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LISTEN | ‘Chance isn’t good enough’ featuring Donnell Cannon and Jenny O’Meara

It’s not normal for a podcast producer to step in as the host. Then again, it’s not normal for students to interview their principals. In the season finale of The Hummingbird Stories, hosted by Donnell Cannon and Jenny O’Meara, that’s exactly what happened.

The Hummingbird Stories launched in October 2020. After a tumultuous few months of educators having to adapt to teaching during a pandemic, Cannon and O’Meara thought there was no better time to have big conversations about changing education for good.

Reimagining education

The description of the show is also its mission — a mission that both principals seek to live every single day. It reads:

Children deserve great childhoods. This is a story of those who believe the same. Two principals — Donnell Cannon and Jenny O’Meara — interview school designers, community organizers, learning engineers, and education activists to learn what we should be thinking about when it comes to reimagining the future and the steps we can take today to create better schools, better childhoods, and better people tomorrow.

Cannon and O’Meara are no strangers to reimagining education. For the past four to five years both have been principals in Edgecombe County — Cannon at North Edgecombe High School and O’Meara at Phillips Middle School. They co-lead the North Phillips School of Innovation, a new innovative school model with the goal of self-actualization for students.

Both Cannon and O’Meara have their own hummingbird stories or origin story of why they are so passionate about their work in education. Ke’Mylah Shaw, a rising junior at North Edgecombe and a Phillips Middle graduate, and I sat down with them in the season finale of the show.

Left to chance

“No child’s life should ever be left to chance,” Cannon said.

When he was a child himself, his life was left to chance. He was born to a teenage single mother, and there were times as he was growing up when they went without water or electricity. Cannon makes sure to note that even though there were a lot of challenges, his family was “rich in love.”

That love didn’t translate to the classroom, though, or the classrooms he was in, at least. Cannon struggled to find his place in school. He was suspended several times and often wanted to be anywhere but school.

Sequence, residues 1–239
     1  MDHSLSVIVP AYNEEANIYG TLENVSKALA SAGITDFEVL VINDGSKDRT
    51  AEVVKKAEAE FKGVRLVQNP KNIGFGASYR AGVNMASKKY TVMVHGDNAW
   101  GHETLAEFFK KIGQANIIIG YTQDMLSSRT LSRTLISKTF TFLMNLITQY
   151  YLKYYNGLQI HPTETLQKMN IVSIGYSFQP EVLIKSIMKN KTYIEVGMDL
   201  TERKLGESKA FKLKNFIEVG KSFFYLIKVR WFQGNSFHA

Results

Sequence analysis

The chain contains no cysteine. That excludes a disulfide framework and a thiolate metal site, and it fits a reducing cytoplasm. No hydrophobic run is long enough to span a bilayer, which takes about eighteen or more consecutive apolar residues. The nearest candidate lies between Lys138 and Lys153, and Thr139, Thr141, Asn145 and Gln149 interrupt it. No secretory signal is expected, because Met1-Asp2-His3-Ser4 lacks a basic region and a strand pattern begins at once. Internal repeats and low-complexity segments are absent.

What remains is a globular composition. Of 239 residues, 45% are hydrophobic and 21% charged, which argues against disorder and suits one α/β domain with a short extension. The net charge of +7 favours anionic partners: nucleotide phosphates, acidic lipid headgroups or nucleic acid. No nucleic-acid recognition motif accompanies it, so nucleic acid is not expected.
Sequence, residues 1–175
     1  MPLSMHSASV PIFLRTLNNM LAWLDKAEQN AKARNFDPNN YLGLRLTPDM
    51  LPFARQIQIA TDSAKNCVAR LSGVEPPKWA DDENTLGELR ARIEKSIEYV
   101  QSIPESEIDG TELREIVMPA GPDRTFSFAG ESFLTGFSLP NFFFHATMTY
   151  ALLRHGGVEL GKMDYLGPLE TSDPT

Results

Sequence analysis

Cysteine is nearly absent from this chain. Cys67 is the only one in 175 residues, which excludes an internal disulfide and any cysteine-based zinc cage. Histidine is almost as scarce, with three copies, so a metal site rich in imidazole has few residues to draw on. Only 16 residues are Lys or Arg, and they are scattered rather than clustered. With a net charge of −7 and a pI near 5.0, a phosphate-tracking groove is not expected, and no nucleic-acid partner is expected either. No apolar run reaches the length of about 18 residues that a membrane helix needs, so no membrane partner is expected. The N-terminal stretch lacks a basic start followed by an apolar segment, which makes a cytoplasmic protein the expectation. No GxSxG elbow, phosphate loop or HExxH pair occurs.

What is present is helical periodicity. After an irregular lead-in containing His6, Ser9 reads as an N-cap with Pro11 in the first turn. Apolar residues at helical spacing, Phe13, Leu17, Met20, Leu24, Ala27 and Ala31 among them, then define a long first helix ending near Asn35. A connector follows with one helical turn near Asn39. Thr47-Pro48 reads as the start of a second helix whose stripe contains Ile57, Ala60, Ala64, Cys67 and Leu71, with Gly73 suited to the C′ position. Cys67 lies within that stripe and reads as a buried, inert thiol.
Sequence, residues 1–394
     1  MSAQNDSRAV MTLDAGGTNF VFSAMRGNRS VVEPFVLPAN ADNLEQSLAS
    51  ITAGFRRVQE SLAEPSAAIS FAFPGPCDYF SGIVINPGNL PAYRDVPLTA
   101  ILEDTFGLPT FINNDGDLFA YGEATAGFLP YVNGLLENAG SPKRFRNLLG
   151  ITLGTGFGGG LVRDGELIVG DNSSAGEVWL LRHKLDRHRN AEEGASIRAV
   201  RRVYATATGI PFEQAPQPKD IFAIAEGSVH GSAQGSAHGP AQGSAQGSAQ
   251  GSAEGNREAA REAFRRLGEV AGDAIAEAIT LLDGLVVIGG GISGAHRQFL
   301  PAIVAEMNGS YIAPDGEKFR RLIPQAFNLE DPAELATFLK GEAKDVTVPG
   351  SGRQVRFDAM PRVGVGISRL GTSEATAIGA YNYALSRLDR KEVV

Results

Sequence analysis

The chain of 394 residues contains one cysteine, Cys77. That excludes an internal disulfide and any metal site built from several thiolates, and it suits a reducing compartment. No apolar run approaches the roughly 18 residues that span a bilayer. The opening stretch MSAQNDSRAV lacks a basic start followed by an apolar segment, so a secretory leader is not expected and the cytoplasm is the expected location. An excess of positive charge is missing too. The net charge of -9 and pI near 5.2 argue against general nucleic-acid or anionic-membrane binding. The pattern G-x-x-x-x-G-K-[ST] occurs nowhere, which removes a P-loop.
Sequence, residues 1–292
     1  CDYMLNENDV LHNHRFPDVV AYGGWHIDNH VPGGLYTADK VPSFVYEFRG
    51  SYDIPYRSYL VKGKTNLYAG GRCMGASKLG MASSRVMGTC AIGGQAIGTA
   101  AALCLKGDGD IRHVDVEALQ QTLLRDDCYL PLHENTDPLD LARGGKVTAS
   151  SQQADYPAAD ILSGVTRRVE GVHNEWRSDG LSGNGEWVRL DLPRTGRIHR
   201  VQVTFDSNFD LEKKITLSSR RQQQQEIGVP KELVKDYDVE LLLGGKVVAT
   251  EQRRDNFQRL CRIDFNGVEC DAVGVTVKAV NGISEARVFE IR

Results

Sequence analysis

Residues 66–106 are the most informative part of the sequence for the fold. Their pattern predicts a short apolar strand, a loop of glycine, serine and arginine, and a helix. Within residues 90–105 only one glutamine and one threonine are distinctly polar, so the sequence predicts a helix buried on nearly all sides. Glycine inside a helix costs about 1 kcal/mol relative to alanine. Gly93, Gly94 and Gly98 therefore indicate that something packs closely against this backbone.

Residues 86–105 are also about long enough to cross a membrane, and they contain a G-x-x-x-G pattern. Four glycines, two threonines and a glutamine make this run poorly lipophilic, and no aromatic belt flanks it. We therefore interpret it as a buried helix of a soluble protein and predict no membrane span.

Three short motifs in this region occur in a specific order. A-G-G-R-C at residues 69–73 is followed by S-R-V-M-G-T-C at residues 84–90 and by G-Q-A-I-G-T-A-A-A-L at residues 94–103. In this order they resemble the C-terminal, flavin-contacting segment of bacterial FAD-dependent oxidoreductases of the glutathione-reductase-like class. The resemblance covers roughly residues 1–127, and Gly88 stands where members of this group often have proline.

It wasn’t until he realized that school was his way to a better life that he found the focus and motivation to do well.

“I started using learning as a means of creating a good life for myself, right? It’s like if I learned how to do school, if I retained this, this could lead to this, which leads to the next step,” Cannon said. “So, like, I got really good at it, because I knew that it was a means of survival.”

Now it’s Cannon’s mission to make sure that no child ends up a statistic or is left to chance.

Liberation through education

Cannon’s story demonstrates the power of education. O’Meara’s story is one of fighting to deepen that transformative power for all people. 

“I believe that no one will be liberated until we all are,” O’Meara said. 

For her, education has the unique ability to transform the lives of students, families, and communities. When it comes to achieving this dream of liberation, the classroom can be where it starts.

“I really believe that the way we achieve that [liberation] is by phenomenal childhoods and phenomenal education,” she said. 

O’Meara dreams of a day when school is a joyful place that is full of hope. For other educators who share that dream, she encourages them to “perceive themselves as a designer of school and learning experiences.”

As a self-identified school designer, O’Meara says she believes that “deeply listening to community and designing with community” is the way to change school for the better. 

The power of storytelling

For the past seven months, Cannon and O’Meara have expanded their view of reimagining education with the conversations they’ve had through The Hummingbird Stories. They’ve talked to education leaders from across the state, from superintendents and nonprofit leaders, to parents in their own community. 

This last episode was done a little differently. The tables were turned on O’Meara and Cannon. Instead of hosts, they became the interviewees, and Shaw and I became the hosts. It was special for them to get to sit down with one of their students and dig deep.

They’d love for you to listen to the stories from this first season and hope that you’ll find them as motivation to keep showing up to make school better for kids everywhere.  

You can listen to the season finale and all episodes of The Hummingbird Stories here.

Alli Lindenberg

Alli Lindenberg is an executive fellow for EducationNC.